Kibakichi (2004)

Kibakichi (2004)
Director: Tomoo Haraguchi - Writer: Mugi Kamio - Starring: Ryuuji Harada, Kentaro Shimizu, Masato Ibu, & Yukiharu Yamaguchi.
Updated: 02-26-2006

Fangs . . . but no fangs.

Sometimes a cross-genre film, like the cult favorite Dog Soldiers, can be a lot of fun. More often, however, they can be a silly exercise in the realm of "nice premise, regrettable execution". Such would be the case when describing Toomo Haraguchi's Kibakichi, a Samurai-Werewolf movie that gives fans of either genre little to sink their teeth into.

One of Kibakichi's best scenes is its opener, as a wandering samurai, obscured by hat and cloak, is attacked on the road by a band of unknown thugs. Despite an overindulgence in the number of triple-takes, a fast-paced and solidly choreographed action sequence unfolds with katanas a-clashing. During this lightning-fast exchange, it is quickly revealed through a flash of fangs that this samurai is also a werewolf (although I supposed he could have been a vampire). It was this strong opening scene that made me hopeful of having discovered a nice little action-horror gem.

Problem is, there really isn't any action again until the end. And there really isn't any horror because all of the scenes that were supposed to be scary are populated by men in rubber monster suits prancing about, skeletons flying around rooms on very obvious wires, and all sorts of other trickery of the kind you'd expect to see at a Halloween spook house put on by high school kids. Oh, it's funny . . . but it's not scary.

There's another problem with the character of Kibakichi himself (Ryuuji Harada). While Harada looks the grim and solitary hero part well enough, the character is never really developed enough to become interesting. He's a cipher that slices and dices his way through clusters of enemies, only to turn into one of the silliest-looking werewolves in movie history during the finale.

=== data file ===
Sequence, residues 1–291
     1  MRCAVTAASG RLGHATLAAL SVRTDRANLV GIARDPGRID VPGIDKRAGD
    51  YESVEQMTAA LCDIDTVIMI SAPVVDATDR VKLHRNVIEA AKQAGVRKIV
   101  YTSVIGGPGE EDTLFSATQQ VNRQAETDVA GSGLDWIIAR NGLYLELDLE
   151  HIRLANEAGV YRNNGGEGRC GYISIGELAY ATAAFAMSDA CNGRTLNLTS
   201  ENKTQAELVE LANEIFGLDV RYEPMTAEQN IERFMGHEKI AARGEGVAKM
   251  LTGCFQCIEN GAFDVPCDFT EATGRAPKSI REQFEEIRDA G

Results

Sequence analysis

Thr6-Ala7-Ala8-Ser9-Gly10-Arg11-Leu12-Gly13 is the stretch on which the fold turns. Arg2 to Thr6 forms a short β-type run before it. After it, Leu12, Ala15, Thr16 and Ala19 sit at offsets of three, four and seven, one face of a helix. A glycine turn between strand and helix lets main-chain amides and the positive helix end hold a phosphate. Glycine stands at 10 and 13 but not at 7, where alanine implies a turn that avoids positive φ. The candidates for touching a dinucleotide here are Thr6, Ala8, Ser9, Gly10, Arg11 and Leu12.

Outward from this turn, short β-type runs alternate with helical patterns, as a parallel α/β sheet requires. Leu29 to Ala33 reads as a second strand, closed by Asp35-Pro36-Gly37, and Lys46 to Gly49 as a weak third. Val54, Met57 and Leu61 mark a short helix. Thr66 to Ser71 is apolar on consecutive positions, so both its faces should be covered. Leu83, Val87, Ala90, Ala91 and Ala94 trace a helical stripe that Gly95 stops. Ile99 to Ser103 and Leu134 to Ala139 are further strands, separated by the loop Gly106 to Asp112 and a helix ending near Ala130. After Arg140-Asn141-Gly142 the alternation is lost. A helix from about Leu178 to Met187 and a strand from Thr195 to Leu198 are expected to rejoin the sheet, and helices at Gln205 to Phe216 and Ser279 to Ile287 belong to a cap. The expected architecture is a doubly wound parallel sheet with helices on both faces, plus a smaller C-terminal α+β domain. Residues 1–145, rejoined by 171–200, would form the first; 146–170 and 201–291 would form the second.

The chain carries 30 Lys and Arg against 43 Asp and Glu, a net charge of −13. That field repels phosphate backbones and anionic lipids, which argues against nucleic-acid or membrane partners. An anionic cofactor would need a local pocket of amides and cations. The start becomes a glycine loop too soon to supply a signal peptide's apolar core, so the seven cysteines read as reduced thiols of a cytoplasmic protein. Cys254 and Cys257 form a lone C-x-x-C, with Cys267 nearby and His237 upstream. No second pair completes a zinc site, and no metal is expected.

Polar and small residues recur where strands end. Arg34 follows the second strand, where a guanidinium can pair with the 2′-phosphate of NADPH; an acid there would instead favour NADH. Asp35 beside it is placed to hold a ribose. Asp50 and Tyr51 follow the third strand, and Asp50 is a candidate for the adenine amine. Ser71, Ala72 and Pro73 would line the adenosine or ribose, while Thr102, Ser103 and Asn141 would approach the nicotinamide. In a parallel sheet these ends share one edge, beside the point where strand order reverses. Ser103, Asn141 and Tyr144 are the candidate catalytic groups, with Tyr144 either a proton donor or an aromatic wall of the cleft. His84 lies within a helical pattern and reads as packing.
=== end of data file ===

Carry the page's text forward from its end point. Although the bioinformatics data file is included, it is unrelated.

All we really know about Kibakichi is that his clan of fellow werewolves were wiped out by humans who betrayed a truce that Kibakichi had organized. Now he wanders the earth, driven by guilt. Arriving at an isolated village, he discovers that the place is inhabited by a clan of Yokai, a race of monsters who spend most of their time in human form. Only occasionally do they reveal their ghastly true appearance, when it suits them. This is usually right before they eat some poor unsuspecting humans who were just passing through.

When he learns that a group of humans sent by the Shogunate (and dressed in distinctly anachronistic black leather outfits that look straight from The Matrix) are coming to hunt down the Yokai, he is forced to choose whether or not to take their side.

While a Samurai-Werewolf sounds like a cool idea, and Kibakichi does in fact boast a handful of entertaining swordfights, it is dragged down by crappy production values and god-awful monster designs that look like the stuff of a Saturday morning Kids' show. Needless to say, it's far too silly to be at all scary, but not clever enough it its silliness to be considered camp, either. The meandering plot-filled center only serves to point out that the action sequence bookends are most of what justifies sitting through something like Kibakichi.

But besides the action, there are some amusing bits of gore, and those looking for fodder for a "Mystery Science Theater" kind of experience need look no further than the atrociously dubbed English dialogue track (which can make the greatest of foreign films look ridiculous). Unfortunately, watching it in its native language with subtitles doesn't help make it much less silly. Although it's barely good enough for a late-night viewing by the bored and curious fan of Japanese B-movies, everyone else would probably do well to pass this one up.

A slim assortment of DVD extras includes "making-of" and "special FX" featurettes, as well as a Q&A session with the director and stars at the film's premiere in Shibuya. None of them will be of any particular interest to anyone but the most rabid of Kibakichi fans -- all three of them.

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